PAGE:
Undergraduate Course Requirements
All applicants to the professional curriculum must achieve a minimum of 80 semester hours of college-level course work, exclusive of courses in physical education and military training.
The following list contains courses offered at the University of Florida which fulfill pre-professional requirements for admission to the College of Veterinary Medicine. Courses taken at other accredited institutions should have similar content as these courses in order to be considered equivalent.
To determine whether courses you have taken or are considering taking will satisfy these requirements, click the course number for the corresponding course listed below and compare the description from the University of Florida Course Catalog to that of your own institution.
Some of the introductory pre-professional courses may be taken at any college. However, all upper-division pre-requisite courses (3000+ level courses such as microbiology, genetics, biochemistry, etc.) must be taken at a four-year institution.All pre-requisite courses must be completed with a letter grade of C or above. If a C- or below is earned, the course must be retaken.
No major is given preference in the admissions process.
Two semesters of Biology (lecture and laboratory), one semester of Genetics, and one semester of Microbiology (lecture and laboratory).
BSC 2010 & 2010L - Principles of Biology I
BSC 2011 & 2011L – Principles of Biology II
MCB 3020 & 3020L – Basic Biology of Microorganisms
– OR -
MCB 3023 & 3023L – Principles of Microbiology (restricted to microbiology majors)
AGR 3303 – Genetics
– OR -
PCB 3063 – Genetics
– OR -
ANS 3384 – Genetic Improvement of Farm Animals
Two semesters of Inorganic Chemistry (lecture and laboratory), two semesters of Organic Chemistry (lecture and laboratory), and one semester of Biochemistry.
- Inorganic Chemistry
CHM 2045,2045L,2046 & 2046L – Gen Chemistry I and II
- Organic Chemistry
CHM 2210,2211 & 2211L - Organic Chemistry I,II and Laboratories
CHM 3217,3218 & 2211L* – Organic Chemistry/Biochemistry I, II, and Laboratory
BCH 4024 – Introduction to Biochemistry & Molecular Biology
*Note: Completing CHM 3217 and CHM 3218 will fulfill either the Organic Chemistry requirements or the Biochemistry requirements, but cannot be used in place of both.
One semester of Calculus and one semester of Statistics.
Two semesters of Physics lecture and laboratory.
One semester of Introduction to Animal Science and one semester of Animal Nutrition.
Minimum of 9 semester credits (or less depending on individual undergraduate institution requirements).
These include: ancient and modern languages, literature, history, philosophy, religion, and visual and performing arts such as music and theatre.
Minimum of 6 semester credits (or less depending on individual undergraduate institution requirements).
These include: anthropology, archaeology, business administration, communication, criminology, economics, education, government, linguistics, international relations, political science, geography, history, law, sociology and psychology.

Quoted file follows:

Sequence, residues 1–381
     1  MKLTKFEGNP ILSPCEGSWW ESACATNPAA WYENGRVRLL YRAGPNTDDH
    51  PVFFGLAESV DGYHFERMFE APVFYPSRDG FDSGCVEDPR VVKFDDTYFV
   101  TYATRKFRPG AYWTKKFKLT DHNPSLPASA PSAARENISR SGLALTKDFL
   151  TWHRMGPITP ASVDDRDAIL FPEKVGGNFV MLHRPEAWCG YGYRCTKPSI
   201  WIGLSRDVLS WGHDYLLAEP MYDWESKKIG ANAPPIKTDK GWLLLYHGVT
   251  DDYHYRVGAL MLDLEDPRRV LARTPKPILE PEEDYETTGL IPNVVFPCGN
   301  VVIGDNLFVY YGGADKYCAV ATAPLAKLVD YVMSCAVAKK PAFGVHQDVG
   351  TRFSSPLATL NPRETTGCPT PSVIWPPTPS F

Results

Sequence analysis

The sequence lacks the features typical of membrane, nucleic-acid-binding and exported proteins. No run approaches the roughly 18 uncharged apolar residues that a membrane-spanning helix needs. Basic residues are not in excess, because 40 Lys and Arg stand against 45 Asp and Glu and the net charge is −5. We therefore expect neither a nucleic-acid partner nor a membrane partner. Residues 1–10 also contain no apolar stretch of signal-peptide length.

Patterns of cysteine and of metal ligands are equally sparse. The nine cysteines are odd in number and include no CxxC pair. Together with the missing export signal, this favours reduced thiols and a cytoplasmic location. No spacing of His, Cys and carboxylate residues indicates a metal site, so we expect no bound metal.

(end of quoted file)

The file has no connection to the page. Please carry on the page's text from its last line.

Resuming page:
Minimum of 6 semester credits
Any General Education course that meets the writing requirement at an accredited institution is acceptable.
Variable number to bring total to 80 semester credits.
PLEASE NOTE: Applicants must complete ALL required courses by the end of the spring semester in the year of admission to the professional DVM program. The only exceptions to this requirement are the courses in Animal Sciences and Animal Nutrition, which may be taken as late as the summer semester immediately preceding enrollment in the professional DVM program.
Minor variations in credits may be accepted.
Credit will be accepted for the following examinations at the level described by the Registrar at the University of Florida.
A Note on Elective Courses
The student should select subjects which are intellectually stimulating, challenging, and that contribute to overall development and maturation. Because of the demands of the professional curriculum, it is highly recommended that prospective students enroll in challenging courses that go beyond the pre-professional requirements; useful courses include comparative anatomy, embryology, and physiology. Superior performance in these kinds of courses will not only enhance the academic image of the applicant, but will also help build a solid base for more detailed courses in the professional curriculum.
Methods of observation and collection of data, evaluation, deduction, and interpretation of findings are extremely important. The analysis and organization of a set of observations into its simple components and synthesis of many fragments of data into a working hypothesis on which a plan of action can be based are critical. The student should keep these objectives in mind throughout pre-professional training. Courses that might be helpful in this area include Physics, Psychology, and other sciences.
A high degree of skill in the use of spoken and written language should be developed to extract a story accurately, to record facts systematically for the use of others, and to transmit instructions precisely. Proficiency in accurate, rapid, interpretive reading should also be mastered. Courses that might be helpful in this area include English literature, English composition, public speaking, and foreign languages. The study of foreign languages enhances appreciation of the exact meaning of words.